Our Gentle Hearts by Street Artist Freddie Sam.

On my day-to-day commute I bypass a number of painted murals, some of them beautify the concrete walls and others comment on social and political issues that are pertinent to out times. Thousands of images are exhibited across the cityscape of Cape Town, where each painting is a form of creativity, imagination and self-expression.

The other day I was walking through the East city Precinct – a detour from by usual route – and spotted a massive mural on the corner of Commercial and Plein street.   The painting depicted a young man holding a dead dove in his hands and inscribed across his chest was the caption, “Our Gentle Hearts.”

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Mural by Freddie Sam

After Googling the caption, I discovered that it was fashioned upon this building by a South African artist named Freddie Sam. He describes himself as a creative activist, hoping to bring about social change through his poignant murals. He states in an interview with CNN, that: “The nice thing about public art is, it actually translates into a language and people can be affected by it and respond to it and give their opinion, and usually their opinion is very positive.”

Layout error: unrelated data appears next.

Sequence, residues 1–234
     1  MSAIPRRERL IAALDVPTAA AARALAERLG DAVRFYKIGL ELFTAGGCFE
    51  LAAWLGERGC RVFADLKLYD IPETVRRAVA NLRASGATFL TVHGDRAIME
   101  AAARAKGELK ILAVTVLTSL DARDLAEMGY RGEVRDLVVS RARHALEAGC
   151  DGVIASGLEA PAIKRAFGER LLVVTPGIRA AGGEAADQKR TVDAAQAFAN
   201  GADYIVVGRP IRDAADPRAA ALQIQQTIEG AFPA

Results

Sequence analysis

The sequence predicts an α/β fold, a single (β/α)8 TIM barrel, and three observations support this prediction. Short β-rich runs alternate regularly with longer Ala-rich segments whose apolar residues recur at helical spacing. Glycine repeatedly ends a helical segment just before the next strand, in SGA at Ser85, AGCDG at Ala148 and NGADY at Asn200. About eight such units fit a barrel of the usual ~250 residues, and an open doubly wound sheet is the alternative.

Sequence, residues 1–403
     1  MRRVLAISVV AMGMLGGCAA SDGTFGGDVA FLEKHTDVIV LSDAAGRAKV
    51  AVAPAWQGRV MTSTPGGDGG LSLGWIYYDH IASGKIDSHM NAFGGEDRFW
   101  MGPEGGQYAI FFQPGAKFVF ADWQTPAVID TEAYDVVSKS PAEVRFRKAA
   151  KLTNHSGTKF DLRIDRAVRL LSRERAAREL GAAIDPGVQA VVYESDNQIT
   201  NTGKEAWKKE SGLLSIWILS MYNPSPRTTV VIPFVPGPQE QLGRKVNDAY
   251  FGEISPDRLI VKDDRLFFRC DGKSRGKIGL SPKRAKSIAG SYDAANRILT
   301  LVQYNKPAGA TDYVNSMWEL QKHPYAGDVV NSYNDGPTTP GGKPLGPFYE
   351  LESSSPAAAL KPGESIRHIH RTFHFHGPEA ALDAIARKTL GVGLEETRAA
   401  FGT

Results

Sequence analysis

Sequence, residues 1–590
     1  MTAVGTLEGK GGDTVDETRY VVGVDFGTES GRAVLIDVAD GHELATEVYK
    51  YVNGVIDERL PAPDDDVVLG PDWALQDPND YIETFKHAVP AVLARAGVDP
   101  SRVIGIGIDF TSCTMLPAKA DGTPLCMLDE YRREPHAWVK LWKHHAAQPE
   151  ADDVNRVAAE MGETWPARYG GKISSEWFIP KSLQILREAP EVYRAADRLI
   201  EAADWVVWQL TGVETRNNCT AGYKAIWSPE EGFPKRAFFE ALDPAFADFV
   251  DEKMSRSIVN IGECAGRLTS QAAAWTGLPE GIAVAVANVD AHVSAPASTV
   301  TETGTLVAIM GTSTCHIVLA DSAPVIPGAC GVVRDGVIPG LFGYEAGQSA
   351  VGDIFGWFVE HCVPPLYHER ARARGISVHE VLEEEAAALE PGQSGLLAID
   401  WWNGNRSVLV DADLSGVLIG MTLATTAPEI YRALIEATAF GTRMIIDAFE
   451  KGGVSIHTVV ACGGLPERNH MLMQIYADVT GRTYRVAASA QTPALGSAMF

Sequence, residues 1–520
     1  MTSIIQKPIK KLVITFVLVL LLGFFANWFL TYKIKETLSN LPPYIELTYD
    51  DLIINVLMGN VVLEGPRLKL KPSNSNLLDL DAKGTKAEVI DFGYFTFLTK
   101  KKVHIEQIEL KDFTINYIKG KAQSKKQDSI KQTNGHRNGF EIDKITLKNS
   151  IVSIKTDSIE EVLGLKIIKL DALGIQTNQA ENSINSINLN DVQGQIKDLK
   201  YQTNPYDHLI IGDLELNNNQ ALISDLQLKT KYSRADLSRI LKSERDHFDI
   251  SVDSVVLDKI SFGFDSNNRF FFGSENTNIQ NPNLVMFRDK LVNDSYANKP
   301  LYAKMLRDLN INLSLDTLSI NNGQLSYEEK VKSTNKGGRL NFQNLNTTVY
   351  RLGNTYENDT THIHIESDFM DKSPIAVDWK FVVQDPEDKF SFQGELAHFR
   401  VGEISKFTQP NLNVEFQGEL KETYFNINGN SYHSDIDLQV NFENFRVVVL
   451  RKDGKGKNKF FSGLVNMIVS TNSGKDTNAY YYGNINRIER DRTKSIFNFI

In the Mural, “Our Gentle Hearts” Freddie Sam provides the viewer with a “message [that] not only speaks to the students who are denied education but also those in power all over the world who are ignorant to the reality that we are all interconnected and we are all one. Everything is interconnected; when we awaken to this, a true freedom and peace can arise. May all be free from suffering, may all be free from ignorance and may all be happy.”

When one looks at the painting, the viewers eyes are instantly drawn to the dead dove in the young mans hands.  Doves which are usually representations of love, peace or messengers, is now depicted as lifeless. The death of the dove, seemingly represents South African violence. This coincides even more when one looks at the artworks date and location, something that becomes very significant. The Mural was erected in November 2015, a time when the #FeesMustFall protest spread across the country and the location is only a couple of blocks away from Parliament. In Mid-October 2015, roughly 5,000 UCT students protested at the gates. I remember that day. Particularly the moment the police let off the first stun grenade. It was so disorientating, deafening, and distressing. Screams reverberated and I stood frozen. Thousands of footsteps ricocheted off the tar as they ran, ran towards me. My sister tugged at my hand, pulling me down the street and then the adrenaline pumped furiously through my system, heart hammering against my ribcage and the beat of it drumming in my ears.

When I saw this mural, it not only reminded me of the day when thousands of students connected, becoming one unit, to fight something that was unjust but reminded me of how a painting can evoke such powerful emotions.

 

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